Over the years BBC audiences have seen several reports concerning two zoos in Khan Younis and Rafah in the Gaza Strip.
April 2012: Gaza zoo resorts to displaying stuffed animals
“Mohamed Owaida from the Khan Younis Zoo says it is proving too costly to feed his living animals, and he can not always get live specimens through the Israeli blockade of the Gaza strip.”
August 2016: The last tiger to leave Gaza zoo
“He [the tiger] has lived with me through three wars. He saw disaster and terror. He lived through difficult nights. Like all of us, like me.”
“Dozens of animals died during fighting between Palestinian militants and Israel.”
August 2016: BBC Radio 4 ‘PM’, Yolande Knell
“Akram Mahali says daily life is a struggle. Neither he nor his six children have ever seen life outside Gaza and they’re not likely to any time soon. With Hamas in control of the Palestinian territory, both Israel and Egypt impose tight border restrictions and limit travel.”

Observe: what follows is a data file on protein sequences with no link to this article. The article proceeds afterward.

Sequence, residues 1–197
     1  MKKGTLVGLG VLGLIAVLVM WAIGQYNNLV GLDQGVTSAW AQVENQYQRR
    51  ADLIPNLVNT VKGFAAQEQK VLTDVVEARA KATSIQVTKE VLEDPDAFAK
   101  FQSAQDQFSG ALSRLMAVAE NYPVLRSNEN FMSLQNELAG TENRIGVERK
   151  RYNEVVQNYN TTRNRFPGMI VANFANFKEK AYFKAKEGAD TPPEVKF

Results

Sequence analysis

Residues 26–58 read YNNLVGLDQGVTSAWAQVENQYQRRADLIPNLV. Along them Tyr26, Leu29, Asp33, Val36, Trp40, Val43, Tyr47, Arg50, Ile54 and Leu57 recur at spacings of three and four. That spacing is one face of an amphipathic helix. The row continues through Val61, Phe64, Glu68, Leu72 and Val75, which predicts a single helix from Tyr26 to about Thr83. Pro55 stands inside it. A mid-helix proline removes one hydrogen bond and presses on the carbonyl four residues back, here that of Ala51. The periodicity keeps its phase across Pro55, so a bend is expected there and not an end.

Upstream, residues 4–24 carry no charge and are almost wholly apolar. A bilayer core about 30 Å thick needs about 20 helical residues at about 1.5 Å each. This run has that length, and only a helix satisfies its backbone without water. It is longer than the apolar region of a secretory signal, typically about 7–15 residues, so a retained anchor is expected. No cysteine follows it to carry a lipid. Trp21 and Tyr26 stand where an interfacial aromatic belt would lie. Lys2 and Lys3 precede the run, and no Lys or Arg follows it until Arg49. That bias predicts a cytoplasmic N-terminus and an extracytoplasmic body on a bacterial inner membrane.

“Then, just after dawn, the animals leave Gaza. Their suffering will soon be over but they leave behind Palestinians who continue to feel trapped.”
“Mr Jomaa blamed the Israeli and Egyptian blockades of Gaza, which is controlled by the Palestinian militant group Hamas, and bad economic conditions for the squalid conditions in the zoo.”
Now the Times of Israel reports that the Rafah zoo has reopened.
“In April, international animal rights charity Four Paws took all the animals to sanctuaries, receiving a pledge the zoo would close forever.
But last month, it reopened with two lions and three new cubs, penned in cages only a few square meters in size.
Critics say the owners want to bully Four Paws or other animal welfare organizations into giving them thousands of dollars to free the animals into their care.
Four Paws paid the zoo’s owners more than $50,000 in the year before its closure for medical treatments, food and caretakers. […]
The newly reopened zoo’s manager, Ashraf Jumaa, from the same family that owned the old one, said they brought the new lions through tunnels from Egypt.”
Given the BBC’s previous record, should it decide to cover this latest development in the story it reported in April we can no doubt expect to see more politicised commentary blaming the conditions suffered by animals in Gaza zoos on inadequately explained Israeli counter-terrorism measures.